Monday, June 29, 2009

You know you're neglecting your yard when...

It's been a tough weekend, but my grandma is still hanging in there. Thank you for all of your prayers and concern :) Henry and I prayed for her at Mass yesterday morning, him with his usual toddler "whisper" so that the entire sanctuary could hear our intentions. I'm certain everyone thought it was cute. At least I hope so.

Anyway, in the midst of all of this family crisis, an unusual event happened in our backyard. Despite my manic painting, I simply have not had time to attend to beautifying our yard. I also don't have a green thumb. Plants fear me. I love them, therefore I stay away with my angel of death powers. I should, however, weed the low maintenance landscaping that we do have, but since I'm focusing on the painting, plus add in working full-time, caring for Henry, and keeping the house clean, I'm fresh out of time and energy. So, our yard is looking a bit bedraggled. Mike keeps the grass mowed, but it's seen better days.

So, the other day I spot an Eastern Cottontail rabbit in our backyard. Boy, these are cute little buggers. Silky ears, absolutely heavenly looking fur, and faces cute enough to beat the band. They are also incredibly destructive to backyard gardens. I've always coveted them in my yard, because I have nothing for them to eat but weeds. People with flowers loathe them. This year, we planted vegetables, so the mean gloves have come out. We went from "OOOOHHHH! Bunny!! Hi Bunny! Aren't you adorable?" to "Hey *you*! Get out of there! SHOO! SHOO!" pretty quickly.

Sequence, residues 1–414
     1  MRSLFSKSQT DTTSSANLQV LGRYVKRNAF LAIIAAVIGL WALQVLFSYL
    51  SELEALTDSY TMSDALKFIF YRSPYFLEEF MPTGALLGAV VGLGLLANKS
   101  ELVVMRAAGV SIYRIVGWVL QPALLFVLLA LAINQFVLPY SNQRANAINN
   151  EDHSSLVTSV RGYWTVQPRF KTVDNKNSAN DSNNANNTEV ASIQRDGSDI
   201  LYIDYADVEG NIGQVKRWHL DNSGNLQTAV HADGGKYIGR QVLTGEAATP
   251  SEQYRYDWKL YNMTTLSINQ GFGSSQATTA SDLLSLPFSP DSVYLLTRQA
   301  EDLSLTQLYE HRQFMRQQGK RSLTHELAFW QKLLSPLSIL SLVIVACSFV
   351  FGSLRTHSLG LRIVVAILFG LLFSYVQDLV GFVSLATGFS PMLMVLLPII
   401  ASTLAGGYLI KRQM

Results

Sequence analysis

So, over breakfast I spot an offending bunny rabbit. He wasn't near the vegetables; the marigolds seemed to be doing their job. But he was acting strangely. He had honed in on a patch of dead grass that I've tried to replant and revitalize for two years running now. He was ripping up clumps, and with a flash of white tail, disappearing into our heavily weeded landscaping near the back fence. I was starting to get suspicious, but Mike seemed strangely unconcerned, convinced that the rabbit was just hungry. It was leaving the tomato and pepper plants alone, and that's all he cared about.

Well. The next day Mike went to spray some weed killer on the grass, and came rushing back into the house.


Oh fabulous. Turns out the 'he' was very much a 'she.' I like the cute bunnies, really I do, but I wasn't expecting to have to be quite this accommodating with my property. So, not only do we have to worry about random neighborhood rabbits eating our vegetables, now we have a full fledged family of them out there to fret over.

I rush out there, Mike on my heels with a bag of carrots. Mommy bunny is in the nest that she built with our grass, trembling with fright. Although she normally would have scurried off at top speed with the approach of dreaded humans, she was sort of stuck for the time being. Mike, suddenly converted to a tremendous love of bunnies who are in the family way, lovingly tosses carrots over toward the nest.

"Honey, don't scare her!"

"I just want to make sure she has enough to eat. She needs to keep her strength up."

*snorts* Pretty soon, mommy bunny hops out of the nest and retreats to the back of the yard to bathe and eat more weeds. We creep over to the nest. Inside, are a gaggle of teeny, tiny bunny rabbits. All squirmy furless bodies and kicky limbs. We call reassuring things to the mother, that we wouldn't hurt her babies, though she ignores us pointedly. Mike leaves more carrots for her, and we go inside.

It was all quite fascinating. But, for the love of heaven. My landscaping has so many long weeds that rabbits are nesting in it. This is beyond embarrassing.

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